One in five people is consuming nearly three quarters of the alcohol sold in Australia, according to a report that claims the alcohol industry is dependent on risky drinkers.
The Foundation for Alcohol Research and Education has called for a boycott on public health researchers working with the alcohol industry due to what it believes is a vested commercial interest in ensuring that problem drinkers continue to drink at risky levels.
'Super-consumers' drink 75 percent of alcohol sold
Around 20 percent of the population consumes around 75 percent of all alcohol sold according to the Foundation for Alcohol Research and Education. Vision courtesy ABC News 24.
Its report is based on a July analysis by the Centre for Alcohol Policy Research, which broke down the distribution of alcohol consumption in Australia, according to national surveys.
That analysis showed that alcohol consumption declined between 2001 and 2013 among all but the heaviest drinkers, who were consuming an ever greater proportion of beverages sold in Australia.
The top 10 per cent of drinkers had increased their proportion of alcohol consumed from 48.9 per cent in 2001 to 53.2 per cent in 2013.
FARE chief executive Michael Thorn said the alcohol industry was exploiting its best customers.
"The alcohol industry keep pointing to the fact that most people drink responsibly and maturely," Mr Thorn said.
"This data shows the group who are heaviest drinkers consume enormous quantities of alcohol.
"The alcohol industry is totally dependent on risky drinking."
National Health Survey: first results
In December 2015. the Australia Bureau of Statistics' National Health Survey focused on rates of obesity, smoking and alcohol consumption among Australians. (Vision supplied by abs.gov.au)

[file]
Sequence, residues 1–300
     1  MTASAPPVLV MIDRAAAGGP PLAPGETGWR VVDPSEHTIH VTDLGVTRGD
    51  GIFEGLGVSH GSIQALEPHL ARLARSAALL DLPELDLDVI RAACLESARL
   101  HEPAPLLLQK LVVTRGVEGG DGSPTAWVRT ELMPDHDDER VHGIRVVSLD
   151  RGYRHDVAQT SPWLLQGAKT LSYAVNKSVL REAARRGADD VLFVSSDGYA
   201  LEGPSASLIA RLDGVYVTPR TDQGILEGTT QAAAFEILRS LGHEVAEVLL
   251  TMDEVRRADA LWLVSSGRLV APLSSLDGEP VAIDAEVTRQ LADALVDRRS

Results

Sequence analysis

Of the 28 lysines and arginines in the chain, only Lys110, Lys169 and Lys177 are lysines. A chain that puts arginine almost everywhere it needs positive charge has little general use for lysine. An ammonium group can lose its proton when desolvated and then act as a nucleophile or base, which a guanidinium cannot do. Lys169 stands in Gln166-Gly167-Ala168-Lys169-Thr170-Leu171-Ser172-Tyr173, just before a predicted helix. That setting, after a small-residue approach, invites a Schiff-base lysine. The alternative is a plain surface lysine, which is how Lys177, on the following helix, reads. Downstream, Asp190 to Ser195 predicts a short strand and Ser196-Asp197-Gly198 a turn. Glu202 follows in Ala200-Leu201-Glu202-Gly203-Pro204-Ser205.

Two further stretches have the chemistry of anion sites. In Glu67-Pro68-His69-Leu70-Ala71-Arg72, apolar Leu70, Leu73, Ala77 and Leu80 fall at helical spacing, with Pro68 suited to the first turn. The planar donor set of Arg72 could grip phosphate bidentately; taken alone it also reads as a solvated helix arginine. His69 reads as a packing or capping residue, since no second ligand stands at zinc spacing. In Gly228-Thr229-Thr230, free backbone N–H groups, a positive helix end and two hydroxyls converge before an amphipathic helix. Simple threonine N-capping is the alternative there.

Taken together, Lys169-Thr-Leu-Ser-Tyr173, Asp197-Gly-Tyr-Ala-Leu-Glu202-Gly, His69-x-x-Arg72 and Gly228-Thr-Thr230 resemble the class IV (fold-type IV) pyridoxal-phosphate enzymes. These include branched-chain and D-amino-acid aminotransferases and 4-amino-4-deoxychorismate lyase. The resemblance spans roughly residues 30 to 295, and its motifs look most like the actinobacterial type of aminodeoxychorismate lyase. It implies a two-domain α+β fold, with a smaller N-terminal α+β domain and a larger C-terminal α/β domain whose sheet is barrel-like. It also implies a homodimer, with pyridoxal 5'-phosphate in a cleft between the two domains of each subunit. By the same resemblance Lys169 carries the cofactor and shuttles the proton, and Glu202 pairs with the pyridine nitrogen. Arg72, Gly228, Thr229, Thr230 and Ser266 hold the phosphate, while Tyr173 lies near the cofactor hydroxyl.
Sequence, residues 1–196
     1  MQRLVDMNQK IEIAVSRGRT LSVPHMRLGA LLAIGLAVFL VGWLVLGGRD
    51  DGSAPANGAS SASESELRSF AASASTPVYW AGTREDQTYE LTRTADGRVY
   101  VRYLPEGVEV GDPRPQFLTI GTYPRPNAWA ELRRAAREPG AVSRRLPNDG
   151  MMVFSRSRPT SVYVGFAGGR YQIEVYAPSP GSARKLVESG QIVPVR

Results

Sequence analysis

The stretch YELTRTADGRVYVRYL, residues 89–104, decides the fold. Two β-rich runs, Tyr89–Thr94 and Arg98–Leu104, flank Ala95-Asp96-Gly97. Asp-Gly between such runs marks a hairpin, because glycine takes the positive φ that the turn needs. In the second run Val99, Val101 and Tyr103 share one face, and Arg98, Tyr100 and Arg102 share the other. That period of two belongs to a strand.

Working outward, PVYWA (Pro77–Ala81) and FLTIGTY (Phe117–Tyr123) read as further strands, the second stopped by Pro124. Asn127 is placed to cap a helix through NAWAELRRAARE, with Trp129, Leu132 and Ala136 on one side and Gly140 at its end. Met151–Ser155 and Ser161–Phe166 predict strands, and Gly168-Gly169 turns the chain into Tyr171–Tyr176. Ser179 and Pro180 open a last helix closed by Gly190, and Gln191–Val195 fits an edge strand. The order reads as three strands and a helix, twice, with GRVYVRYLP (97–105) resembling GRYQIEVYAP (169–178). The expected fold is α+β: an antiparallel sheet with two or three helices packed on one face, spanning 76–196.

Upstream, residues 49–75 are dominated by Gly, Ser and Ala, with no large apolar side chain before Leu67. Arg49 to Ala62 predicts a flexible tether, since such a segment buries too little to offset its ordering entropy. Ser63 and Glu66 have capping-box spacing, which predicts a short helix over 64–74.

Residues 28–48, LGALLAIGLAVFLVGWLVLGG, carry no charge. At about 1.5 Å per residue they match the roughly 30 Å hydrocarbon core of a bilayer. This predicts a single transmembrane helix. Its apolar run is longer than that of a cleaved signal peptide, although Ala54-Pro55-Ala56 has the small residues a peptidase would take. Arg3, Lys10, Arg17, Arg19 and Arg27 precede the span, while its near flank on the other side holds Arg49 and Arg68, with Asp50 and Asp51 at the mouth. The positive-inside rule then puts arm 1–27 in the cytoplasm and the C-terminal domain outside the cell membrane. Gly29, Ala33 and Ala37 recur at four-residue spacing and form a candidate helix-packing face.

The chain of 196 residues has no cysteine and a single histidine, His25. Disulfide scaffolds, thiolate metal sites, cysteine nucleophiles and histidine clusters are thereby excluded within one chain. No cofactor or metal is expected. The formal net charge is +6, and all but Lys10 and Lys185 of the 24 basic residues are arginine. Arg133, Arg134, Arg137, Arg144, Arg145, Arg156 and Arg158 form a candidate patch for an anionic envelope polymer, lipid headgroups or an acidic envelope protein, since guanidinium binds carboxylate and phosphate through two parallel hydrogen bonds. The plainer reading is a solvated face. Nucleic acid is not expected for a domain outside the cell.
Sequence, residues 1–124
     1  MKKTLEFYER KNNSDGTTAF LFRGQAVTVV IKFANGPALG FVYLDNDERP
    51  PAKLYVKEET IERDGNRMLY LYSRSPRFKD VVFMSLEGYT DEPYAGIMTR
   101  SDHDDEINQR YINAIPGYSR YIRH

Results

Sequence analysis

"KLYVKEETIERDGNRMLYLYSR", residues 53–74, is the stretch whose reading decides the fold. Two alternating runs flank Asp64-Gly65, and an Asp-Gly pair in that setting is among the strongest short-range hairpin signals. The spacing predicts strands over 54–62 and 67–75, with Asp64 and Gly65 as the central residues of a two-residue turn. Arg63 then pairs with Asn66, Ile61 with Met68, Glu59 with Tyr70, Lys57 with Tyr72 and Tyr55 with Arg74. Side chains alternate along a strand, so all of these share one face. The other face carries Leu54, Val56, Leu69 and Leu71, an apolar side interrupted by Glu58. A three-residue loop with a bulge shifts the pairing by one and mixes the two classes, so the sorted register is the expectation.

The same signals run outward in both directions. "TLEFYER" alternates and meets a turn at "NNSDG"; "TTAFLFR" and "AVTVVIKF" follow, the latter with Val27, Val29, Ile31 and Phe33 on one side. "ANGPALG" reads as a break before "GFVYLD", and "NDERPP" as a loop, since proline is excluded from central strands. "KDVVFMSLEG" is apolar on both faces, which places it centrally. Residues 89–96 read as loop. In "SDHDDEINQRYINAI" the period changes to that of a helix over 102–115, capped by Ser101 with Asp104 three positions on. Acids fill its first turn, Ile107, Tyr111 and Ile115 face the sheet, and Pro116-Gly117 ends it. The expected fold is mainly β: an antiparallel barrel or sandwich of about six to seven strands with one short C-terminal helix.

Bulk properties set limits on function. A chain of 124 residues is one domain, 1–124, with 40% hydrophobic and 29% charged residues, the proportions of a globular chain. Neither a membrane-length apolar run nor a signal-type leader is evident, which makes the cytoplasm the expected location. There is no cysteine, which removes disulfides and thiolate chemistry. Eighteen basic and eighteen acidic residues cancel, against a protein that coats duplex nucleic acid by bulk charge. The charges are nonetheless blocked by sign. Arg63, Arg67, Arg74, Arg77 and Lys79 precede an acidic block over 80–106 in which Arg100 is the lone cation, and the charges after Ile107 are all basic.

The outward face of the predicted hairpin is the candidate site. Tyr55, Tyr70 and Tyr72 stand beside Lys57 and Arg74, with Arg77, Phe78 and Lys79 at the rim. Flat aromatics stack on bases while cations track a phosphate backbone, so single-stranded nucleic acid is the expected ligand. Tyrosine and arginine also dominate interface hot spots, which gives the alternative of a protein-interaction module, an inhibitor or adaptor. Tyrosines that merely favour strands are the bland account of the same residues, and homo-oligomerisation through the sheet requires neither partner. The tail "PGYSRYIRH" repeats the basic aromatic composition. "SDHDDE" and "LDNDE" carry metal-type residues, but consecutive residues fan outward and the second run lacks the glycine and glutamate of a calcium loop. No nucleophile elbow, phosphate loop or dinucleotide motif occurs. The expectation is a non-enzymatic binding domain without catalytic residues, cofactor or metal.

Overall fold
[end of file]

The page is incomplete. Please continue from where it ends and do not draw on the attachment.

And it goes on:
A 2014 presentation to the drinks trade association, which was reported by the trade publication Liquor News, encouraged retailers to identify and target "super consumers".
"As little as 10 per cent of your customer base can be driving between 40 to 70 per cent of your sales," Nielsen associate director Michael Walton was reported to have told conference delegates.
US research showed "super consumers" of sparkling wine not only bought five times more sparkling wine, but four times more whisky, three times more vodka and three times more wine, Mr Walton was reported to have told delegates. "This is a real opportunity."
Contacted on Tuesday, Mr Walton said his point was that alcohol brands needed to innovate and create new products, such as the introduction in the US of a female-friendly, low alcohol alternative to beer, Bud Lite Marga-Ritas.
"The super consumer was illustrative, but it was not about liquor and it was not about Australia and the whole goal was to say you have a choice in how you find growth for your brand," Mr Walton said.
Australian Liquor Stores Association chief executive Terry Mott said the industry went to great lengths to ensure consumers did not over-indulge.
"Our people are properly trained to ensure that people don't drink to excess," Mr Mott said.